Bp{i} = [Bp{i}(:,1).*LperColpixel Bp{i}(:,2).*WperRowpixel zeros(size(Bp{i},1),1)];
p = cell2mat(Bp);
x = p(:,1);
y = p(:,2);
grid on
axis equal
xlabel("x (m)")
ylabel("y (m)")
title("Boundary points")

Reduce Boundary Points

The boundary has 28000 points, and this will result in a very large mesh size. Downsample this boundary by a factor of 39. The downsample factor was chosen since it still represented the boundary details accurately based on a simple visual inspection.

D = 39; 
xD = x(1:D:end);
yD = y(1:D:end);
BpD{1} = Bp{1}(1:D:end,:);
hold on
grid on
axis equal

Create Layer For PCB Stack

Create a shape from the boundary.

pol = antenna.Polygon(Vertices=BpD{1});

Create the antenna feed

The feed region of the tag still has some sharp artifacts in the boundary. This must be cleaned up prior to defining the feed. Use a boolean subtract operation by creating a rectangle to remove this artifact.

rect1 = antenna.Rectangle(Length=5e-3, Width=2e-3, ...
                         Center=[0.019 0.0392]);

The final step, is to define the feeding strip. Add a feed in the form of a rectangle.

rect2 = antenna.Rectangle(Length=0.25e-3, Width=2e-3, ...
                        Center=[0.0185 0.0392]);

Perform addition and subtraction operations on these shapes to create the resultant shape.

final_shape = pol - rect1 + rect2;

Create PCB Stack

Assign the resultant shape generated as the layer for PCB stack. FeedLocation is specified appropriately so that it lies on this layer

p = pcbStack;
p.Layers = {final_shape};
p.BoardShape = antenna.Rectangle(Length=1, Width=1);
p.FeedLocations = [0.0185 0.0392 1 ];
p.FeedDiameter = 1.25e-4;

Port Analysis - Impedance Behavior vs. Frequency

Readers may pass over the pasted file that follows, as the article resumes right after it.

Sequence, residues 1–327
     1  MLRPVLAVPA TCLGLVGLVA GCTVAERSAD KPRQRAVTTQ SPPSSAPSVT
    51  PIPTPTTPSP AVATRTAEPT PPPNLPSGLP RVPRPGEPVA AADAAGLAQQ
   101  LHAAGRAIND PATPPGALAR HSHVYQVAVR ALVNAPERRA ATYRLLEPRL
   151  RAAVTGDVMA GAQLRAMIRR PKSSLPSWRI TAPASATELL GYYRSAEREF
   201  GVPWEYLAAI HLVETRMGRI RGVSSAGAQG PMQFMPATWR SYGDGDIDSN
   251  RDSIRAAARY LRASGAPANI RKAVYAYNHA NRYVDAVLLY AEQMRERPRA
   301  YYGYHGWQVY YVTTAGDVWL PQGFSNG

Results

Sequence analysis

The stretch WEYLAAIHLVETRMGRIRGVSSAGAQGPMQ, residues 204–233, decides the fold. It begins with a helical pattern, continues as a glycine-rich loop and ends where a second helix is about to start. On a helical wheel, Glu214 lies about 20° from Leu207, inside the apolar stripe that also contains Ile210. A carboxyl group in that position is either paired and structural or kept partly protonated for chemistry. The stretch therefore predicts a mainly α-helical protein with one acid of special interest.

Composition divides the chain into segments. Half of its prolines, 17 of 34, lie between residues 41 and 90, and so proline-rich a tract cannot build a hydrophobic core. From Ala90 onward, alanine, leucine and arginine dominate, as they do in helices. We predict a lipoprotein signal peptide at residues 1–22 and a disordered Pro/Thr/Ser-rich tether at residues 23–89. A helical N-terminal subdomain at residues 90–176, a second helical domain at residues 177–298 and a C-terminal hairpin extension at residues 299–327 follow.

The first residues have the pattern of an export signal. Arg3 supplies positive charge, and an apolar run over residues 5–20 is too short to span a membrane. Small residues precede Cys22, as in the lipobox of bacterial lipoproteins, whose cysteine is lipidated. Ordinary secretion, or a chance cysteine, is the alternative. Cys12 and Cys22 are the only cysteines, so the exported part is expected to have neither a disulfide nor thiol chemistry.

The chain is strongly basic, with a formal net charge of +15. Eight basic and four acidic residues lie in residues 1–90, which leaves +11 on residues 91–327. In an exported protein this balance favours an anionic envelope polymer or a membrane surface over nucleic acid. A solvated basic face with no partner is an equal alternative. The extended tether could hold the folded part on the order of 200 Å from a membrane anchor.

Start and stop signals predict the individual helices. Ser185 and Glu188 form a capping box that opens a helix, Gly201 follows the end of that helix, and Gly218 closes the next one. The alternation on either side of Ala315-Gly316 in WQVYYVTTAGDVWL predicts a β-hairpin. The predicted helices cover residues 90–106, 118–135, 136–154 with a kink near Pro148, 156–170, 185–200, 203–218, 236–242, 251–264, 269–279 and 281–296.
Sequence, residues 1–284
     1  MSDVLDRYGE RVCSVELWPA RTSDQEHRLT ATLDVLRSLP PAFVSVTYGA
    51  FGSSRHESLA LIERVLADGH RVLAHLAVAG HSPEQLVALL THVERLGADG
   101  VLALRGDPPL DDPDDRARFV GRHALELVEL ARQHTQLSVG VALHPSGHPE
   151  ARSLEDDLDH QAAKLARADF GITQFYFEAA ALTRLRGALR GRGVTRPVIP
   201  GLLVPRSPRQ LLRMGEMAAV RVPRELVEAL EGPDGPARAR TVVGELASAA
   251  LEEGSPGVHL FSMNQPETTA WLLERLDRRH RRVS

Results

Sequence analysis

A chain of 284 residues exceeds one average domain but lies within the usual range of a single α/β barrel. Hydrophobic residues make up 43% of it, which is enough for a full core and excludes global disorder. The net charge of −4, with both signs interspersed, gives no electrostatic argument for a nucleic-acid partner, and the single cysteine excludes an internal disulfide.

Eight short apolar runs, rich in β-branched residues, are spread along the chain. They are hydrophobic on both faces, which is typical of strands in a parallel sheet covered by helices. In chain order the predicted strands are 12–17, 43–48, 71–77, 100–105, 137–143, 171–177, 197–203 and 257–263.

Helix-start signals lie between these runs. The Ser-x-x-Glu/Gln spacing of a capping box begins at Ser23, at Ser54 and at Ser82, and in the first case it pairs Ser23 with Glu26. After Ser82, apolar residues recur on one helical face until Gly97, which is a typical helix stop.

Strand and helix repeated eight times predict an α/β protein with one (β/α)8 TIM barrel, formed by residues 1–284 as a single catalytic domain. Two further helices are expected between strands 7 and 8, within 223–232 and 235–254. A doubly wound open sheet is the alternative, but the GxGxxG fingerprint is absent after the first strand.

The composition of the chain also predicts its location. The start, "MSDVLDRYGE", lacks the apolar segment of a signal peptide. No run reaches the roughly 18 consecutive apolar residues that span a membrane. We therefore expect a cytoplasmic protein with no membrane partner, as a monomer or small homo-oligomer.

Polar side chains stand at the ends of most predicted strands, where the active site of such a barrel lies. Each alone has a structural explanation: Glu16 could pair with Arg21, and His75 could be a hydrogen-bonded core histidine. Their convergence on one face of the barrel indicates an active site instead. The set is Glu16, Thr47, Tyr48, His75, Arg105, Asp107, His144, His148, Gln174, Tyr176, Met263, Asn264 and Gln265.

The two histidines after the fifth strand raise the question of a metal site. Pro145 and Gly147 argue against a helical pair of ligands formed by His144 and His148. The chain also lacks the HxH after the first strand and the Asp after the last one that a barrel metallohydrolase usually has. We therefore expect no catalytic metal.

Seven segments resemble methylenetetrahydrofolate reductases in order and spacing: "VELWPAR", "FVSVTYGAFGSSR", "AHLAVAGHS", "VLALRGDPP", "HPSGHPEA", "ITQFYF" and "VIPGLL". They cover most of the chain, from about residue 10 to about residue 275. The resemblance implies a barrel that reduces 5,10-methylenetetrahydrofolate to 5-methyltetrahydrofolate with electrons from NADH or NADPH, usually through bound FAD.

Determine the port characteristics of this antenna by executing an impedance analysis over a coarse sampled frequency range. The tag is expected to operate in the UHF band, between 800 - 900 MHz. Our frequency range will extend slightly past 900 MHz.

f_coarse = linspace(0.8e9,0.95e9,21);

Tune Tag for Resonance

The tag is inductive and has a good resistive component at approximately 854 MHz. Moreover the reactance shows the classic parallel resonance curve around that frequency. Typically, the input impedance of the chip would be complex, to match to the tag. Use Load property on the antenna to cancel the inductive component. Since the reactance is about 200 Ω create a load with reactance of -200 Ω and add it to the antenna model.

X = -1i*200;
zl = lumpedElement;
zl.Impedance = X;
p.Load = zl;

Recalculate impedance With the load in place at the feed, the inductive part of the reactance should be canceled at 854 MHz. Confirm this by analyzing the impedance over a fine frequency range. The reactance at 854 MHz should be approximately 0 ohms.

f_fine = linspace(0.8e9,0.95e9,51);

Surface Analysis - Current behavior at Center Frequency

At the center frequency visualize the current distribution on the antenna surface.


Field Analysis - Pattern at Center Frequency

RFID tags typically have an omnidirectional far-field pattern in one plane. Visualize the far-field radiation pattern of the tag.


The tag has a gain of approximately 2dBi at 854 MHz.


A procedure for identifying the antenna boundary from a photograph, conversion into a geometric model of the antenna and its subsequent full-wave analysis has been detailed in this example. These steps are graphically depicted as shown:


The antenna performance characteristics obtained from this procedure are good enough for further integration into a larger system simulation.

See Also